How about Nixon’s administration? You know all those people in the Watergate scandal – you don’t have to know their names — who were indicted or part of it were educated, intelligent people, lawyers and advisers. You might remember some of the Clintons’ scandals. Right, they don’t use that word scandal anymore because it’s a pejorative. That aside, remember those incidents called right-wing conspiracies that were always hovering around the Clintons and the White House? Let’s call them controversies just to be kind. Whatever you heard, there were some smart people in them. You don’t have to know all the details — which would require a four year course — to know they had intelligent and educated people in their circle.
You probably know about some media personalities in mainstream media. They are educated people, too, with degrees and such. Not without flaw, error or controversy.
That collective sampling of history sort of tells us something, doesn’t it? They can all be educated, very intelligent people but they make mistakes too. Sure, they aren’t perfect and none of us are. The lesson of all those things is simple.
So if you thought education was a status of achievement that would prevent you from screwing up, you are mistaken. If you thought education was your exemption ticket from scandal or problems, you were wrong. If you thought your education would diminish the chances of screwing up or even failing, you would be wrong.
Actually, your chances of finding yourself in a bad situation may have gone up with that new degree. It certainly will not save you from trouble. I’d like to take this opportunity to remind you that you are not immune because of your education or intelligence.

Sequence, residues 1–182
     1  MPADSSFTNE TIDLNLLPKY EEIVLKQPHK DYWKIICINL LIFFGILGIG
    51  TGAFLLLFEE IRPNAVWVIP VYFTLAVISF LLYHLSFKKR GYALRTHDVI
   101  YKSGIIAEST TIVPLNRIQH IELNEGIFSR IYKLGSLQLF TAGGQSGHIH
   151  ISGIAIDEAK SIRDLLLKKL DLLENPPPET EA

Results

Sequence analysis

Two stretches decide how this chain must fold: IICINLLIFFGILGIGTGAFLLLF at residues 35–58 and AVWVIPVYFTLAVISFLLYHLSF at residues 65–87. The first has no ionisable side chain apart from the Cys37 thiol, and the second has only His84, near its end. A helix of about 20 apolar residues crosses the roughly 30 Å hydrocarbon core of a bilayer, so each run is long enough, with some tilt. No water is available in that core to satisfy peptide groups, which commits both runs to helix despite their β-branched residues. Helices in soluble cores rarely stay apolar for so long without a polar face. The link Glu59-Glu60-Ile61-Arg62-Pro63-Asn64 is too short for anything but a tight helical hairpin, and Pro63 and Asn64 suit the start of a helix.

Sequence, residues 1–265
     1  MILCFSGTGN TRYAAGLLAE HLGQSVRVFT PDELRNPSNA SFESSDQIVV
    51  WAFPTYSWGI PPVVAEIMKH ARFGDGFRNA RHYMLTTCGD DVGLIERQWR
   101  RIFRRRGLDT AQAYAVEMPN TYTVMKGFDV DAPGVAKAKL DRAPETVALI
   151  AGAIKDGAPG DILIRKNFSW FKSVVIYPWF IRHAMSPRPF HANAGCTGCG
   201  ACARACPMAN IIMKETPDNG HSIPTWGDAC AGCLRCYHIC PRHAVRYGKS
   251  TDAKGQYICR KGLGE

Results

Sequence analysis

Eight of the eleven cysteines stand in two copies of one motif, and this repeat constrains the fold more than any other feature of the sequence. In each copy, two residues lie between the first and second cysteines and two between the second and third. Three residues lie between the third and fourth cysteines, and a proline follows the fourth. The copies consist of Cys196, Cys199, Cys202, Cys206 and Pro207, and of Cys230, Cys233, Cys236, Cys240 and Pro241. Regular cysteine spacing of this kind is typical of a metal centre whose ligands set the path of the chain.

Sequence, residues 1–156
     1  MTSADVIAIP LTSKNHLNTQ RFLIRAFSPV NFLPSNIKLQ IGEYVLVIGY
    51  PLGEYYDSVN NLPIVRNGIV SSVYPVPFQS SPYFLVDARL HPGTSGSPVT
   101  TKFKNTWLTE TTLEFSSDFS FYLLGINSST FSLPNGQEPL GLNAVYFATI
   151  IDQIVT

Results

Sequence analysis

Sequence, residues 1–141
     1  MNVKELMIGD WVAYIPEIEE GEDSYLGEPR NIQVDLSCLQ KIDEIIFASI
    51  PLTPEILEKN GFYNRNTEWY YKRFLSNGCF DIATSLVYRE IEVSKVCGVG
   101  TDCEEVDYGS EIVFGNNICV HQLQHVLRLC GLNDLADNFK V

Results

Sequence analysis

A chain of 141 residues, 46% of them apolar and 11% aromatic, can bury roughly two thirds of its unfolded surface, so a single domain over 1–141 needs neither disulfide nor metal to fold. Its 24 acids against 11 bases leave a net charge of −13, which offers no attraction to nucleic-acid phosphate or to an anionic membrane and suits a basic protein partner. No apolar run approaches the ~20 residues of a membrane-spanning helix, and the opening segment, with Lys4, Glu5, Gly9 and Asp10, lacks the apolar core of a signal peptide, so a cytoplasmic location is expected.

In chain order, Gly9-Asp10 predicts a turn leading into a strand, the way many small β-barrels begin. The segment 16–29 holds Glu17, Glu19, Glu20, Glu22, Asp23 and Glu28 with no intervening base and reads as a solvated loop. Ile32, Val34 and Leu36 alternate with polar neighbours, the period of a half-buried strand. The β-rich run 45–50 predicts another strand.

Some very intelligent and educated people created some pretty huge problems. Their education did not save them from corruption or scandal, and probably wouldn’t save you. Many good, successful people were also intelligent and educated.
If you studied anything on ethics, you know there are choices you will be asked to make. Sometimes it might be either or; sometimes it might be picking both at the same time; you may be forced to choose. You might have to decide if you really want that abortion you were told was your “right”? You might have to decide if that building the crowd broke all the windows in should be looted? You might have to decide whether or not you will be a witness to that assault or robbery you just saw? You may have to decide on a given day if you are going to be a spectator or intervene on behalf of a victim in the making? You might have to decide if what your boss told you to do is ethical? You might decide if money or gifts are really bribes? Or not; but you will have to make some choices.